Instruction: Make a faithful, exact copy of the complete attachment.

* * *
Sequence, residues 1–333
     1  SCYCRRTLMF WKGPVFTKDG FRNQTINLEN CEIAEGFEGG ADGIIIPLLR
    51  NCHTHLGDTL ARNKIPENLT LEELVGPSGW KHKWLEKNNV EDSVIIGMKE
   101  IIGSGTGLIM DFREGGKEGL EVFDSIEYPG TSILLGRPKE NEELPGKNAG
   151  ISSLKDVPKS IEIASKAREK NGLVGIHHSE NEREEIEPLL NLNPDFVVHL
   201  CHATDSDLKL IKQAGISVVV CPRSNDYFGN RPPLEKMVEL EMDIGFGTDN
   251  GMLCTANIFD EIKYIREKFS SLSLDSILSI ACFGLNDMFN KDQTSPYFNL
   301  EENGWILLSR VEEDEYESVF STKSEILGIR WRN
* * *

Sequence, residues 1–333
     1  SCYCRRTLMF WKGPVFTKDG FRNQTINLEN CEIAEGFEGG ADGIIIPLLR
    51  NCHTHLGDTL ARNKIPENLT LEELVGPSGW KHKWLEKNNV EDSVIIGMKE
   101  IIGSGTGLIM DFREGGKEGL EVFDSIEYPG TSILLGRPKE NEELPGKNAG
   151  ISSLKDVPKS IEIASKAREK NGLVGIHHSE NEREEIEPLL NLNPDFVVHL
   201  CHATDSDLKL IKQAGISVVV CPRSNDYFGN RPPLEKMVEL EMDIGFGTDN
   251  GMLCTANIFD EIKYIREKFS SLSLDSILSI ACFGLNDMFN KDQTSPYFNL
   301  EENGWILLSR VEEDEYESVF STKSEILGIR WRN